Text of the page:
The UCI Track Champions League represents a “mind-blowing” new era for track cycling.
Featuring the world’s highest profile riders, the series includes a unique, condensed international race calendar, gender-equal participation and prize fund, and worldwide broadcast schedule.
Thirty six of the top men and women riders will compete in either sprint or endurance categories, accumulating ranking points across the five rounds and battling for a gender-equal prize money pot totalling €500,000.
‘A MIND-BLOWING MIX OF ENTERTAINMENT AND SPORT’
“The name Champions League says it all,” Francois Ribeiro, Head of Eurosport Events, told Reuters ahead of Tuesday’s launch. “It’s an ambitious name for an ambitious project.”
“It’s not re-inventing the sport or the rules but it’s re-inventing the way it’s presented to the fans in the velodrome and the viewers on TV,” Ribeiro added.
It will be a mind-blowing mix of entertainment and sport. Two and a half hours… bang, bang, bang!
“We believe the track discipline is one of the most exciting forms of cycle sport, but as the demands of audiences have evolved, there is an opportunity to present this in a new and highly compelling way. We’ve tapped into our unrivalled expertise in another high-adrenalin form of racing – motorsport – to refine the format and deliver an unprecedented on-event and on-screen experience to cycling fans.”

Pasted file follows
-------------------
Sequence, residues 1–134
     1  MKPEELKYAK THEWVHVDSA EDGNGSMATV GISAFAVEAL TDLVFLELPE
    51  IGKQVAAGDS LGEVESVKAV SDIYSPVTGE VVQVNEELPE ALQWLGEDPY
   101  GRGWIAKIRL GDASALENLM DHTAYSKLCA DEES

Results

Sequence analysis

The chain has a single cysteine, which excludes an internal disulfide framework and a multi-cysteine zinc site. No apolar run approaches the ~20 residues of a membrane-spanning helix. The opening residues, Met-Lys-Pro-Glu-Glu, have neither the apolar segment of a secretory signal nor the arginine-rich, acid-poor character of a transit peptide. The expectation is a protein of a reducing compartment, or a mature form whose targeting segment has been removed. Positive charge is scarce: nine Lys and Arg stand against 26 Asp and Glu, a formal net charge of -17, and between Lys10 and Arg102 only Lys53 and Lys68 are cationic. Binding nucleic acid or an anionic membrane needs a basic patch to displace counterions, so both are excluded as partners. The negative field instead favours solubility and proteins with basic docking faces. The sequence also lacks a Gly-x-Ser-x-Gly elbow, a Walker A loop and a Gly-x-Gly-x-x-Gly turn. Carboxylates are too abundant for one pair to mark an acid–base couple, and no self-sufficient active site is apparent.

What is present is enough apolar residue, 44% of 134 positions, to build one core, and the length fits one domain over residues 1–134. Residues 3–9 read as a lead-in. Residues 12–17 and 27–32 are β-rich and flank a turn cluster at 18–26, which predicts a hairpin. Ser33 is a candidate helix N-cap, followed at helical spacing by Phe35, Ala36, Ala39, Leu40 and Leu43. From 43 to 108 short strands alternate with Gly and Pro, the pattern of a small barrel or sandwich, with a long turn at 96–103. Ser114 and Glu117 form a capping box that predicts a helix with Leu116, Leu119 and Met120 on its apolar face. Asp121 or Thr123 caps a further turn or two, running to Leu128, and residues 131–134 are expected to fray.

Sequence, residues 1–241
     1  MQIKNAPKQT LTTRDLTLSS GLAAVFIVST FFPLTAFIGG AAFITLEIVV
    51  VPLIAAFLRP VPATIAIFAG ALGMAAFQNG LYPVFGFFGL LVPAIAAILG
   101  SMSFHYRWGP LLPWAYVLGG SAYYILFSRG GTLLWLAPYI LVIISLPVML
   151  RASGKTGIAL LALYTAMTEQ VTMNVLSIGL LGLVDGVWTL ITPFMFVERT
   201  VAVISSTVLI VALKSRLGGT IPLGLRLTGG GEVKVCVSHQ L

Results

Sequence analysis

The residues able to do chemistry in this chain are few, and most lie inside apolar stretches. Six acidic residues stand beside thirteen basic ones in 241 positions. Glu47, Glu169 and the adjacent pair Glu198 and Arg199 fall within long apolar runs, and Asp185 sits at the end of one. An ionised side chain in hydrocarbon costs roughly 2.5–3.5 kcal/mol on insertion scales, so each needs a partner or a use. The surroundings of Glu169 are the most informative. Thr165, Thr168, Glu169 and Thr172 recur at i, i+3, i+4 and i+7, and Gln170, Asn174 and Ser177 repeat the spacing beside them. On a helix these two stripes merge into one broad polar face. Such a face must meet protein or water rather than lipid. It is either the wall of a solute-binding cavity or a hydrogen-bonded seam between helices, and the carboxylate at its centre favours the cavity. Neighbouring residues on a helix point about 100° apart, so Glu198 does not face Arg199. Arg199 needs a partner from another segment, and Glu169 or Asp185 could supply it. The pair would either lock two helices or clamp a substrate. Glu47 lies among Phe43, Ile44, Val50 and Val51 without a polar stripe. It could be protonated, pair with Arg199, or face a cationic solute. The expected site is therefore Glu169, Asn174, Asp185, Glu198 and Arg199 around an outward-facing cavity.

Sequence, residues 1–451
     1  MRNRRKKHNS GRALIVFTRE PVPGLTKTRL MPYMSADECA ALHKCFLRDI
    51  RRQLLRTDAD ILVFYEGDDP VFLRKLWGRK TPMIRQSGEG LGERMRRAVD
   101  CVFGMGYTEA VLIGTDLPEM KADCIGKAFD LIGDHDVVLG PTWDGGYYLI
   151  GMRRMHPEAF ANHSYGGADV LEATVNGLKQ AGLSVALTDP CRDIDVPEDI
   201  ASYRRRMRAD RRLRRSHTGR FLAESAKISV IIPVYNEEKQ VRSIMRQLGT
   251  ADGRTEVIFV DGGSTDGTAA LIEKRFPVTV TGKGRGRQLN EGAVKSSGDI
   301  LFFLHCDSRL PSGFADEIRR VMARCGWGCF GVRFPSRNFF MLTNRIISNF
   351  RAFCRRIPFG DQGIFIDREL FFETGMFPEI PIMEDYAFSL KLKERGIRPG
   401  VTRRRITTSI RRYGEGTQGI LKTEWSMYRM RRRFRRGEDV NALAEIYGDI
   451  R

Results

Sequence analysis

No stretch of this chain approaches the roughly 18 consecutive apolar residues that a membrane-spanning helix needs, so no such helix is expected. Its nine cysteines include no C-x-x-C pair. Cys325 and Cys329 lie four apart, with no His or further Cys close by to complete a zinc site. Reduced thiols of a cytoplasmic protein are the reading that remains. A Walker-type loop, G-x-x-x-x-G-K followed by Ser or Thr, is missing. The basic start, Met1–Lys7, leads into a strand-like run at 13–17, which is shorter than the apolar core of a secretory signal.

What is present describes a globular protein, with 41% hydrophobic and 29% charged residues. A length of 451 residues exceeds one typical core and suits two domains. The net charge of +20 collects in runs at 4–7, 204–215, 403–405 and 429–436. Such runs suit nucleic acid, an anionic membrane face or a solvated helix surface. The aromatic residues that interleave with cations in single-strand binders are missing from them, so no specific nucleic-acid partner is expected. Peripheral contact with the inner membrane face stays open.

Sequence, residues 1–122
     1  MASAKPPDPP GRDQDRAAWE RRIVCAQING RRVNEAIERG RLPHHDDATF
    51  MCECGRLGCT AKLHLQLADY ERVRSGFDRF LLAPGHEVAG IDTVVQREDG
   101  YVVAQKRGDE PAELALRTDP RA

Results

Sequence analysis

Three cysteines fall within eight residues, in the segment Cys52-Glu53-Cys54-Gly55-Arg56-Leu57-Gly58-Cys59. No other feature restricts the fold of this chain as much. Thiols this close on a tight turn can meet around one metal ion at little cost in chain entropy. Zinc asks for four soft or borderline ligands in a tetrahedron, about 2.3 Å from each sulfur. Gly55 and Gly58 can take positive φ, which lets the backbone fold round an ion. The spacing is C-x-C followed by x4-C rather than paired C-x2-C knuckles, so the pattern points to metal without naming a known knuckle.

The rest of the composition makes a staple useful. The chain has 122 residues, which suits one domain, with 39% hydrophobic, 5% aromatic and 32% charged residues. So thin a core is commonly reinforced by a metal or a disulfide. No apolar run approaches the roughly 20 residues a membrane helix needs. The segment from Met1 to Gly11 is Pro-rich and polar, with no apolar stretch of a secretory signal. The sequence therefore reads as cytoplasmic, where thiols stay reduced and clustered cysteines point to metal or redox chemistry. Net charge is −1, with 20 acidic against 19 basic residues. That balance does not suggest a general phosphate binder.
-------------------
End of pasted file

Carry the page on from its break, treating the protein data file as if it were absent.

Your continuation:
The new series is all part of a re-structuring of the track cycling calendar in which the World Championships have been moved back to later in the year and doubling as a qualification process for the Champions League.
“We want to create a window every year for track cycling to create a stronger narrative for the sport, to showcase the rivalries,” Ribeiro added.
“We know that Spring is for the Giro, July for the Tour de France and now we want November/December to be the window for track cycling.”
The sprint category will feature sprint and keirin, while elimination and scratch races form the endurance events. Four riders will emerge as champions: the best male and female sprint riders and the best male and female endurance riders.
Riders will wear custom-made speedsuits, complete with their national flag, while a special ‘leaders’ jersey will be worn by the leaders of the male and female sprint and endurance tables.
Prize money will be awarded for places 1-10 in every race throughout the series, with individual race winners receiving €1,000 and the overall winner of each category taking €25,000.
Each round of the series will last around two hours with TV viewers treated to a range of innovative features such as live rider data designed to bring them closer to the action.
‘A WONDERFUL SPORT’
Mallorca will host the first round in the Palma velodrome on November 6 followed by a rounds in St Quentin en Yveli, France, Lithuania, a double-header in London’s Olympic velodrome and culminating in Tel Aviv on December 11.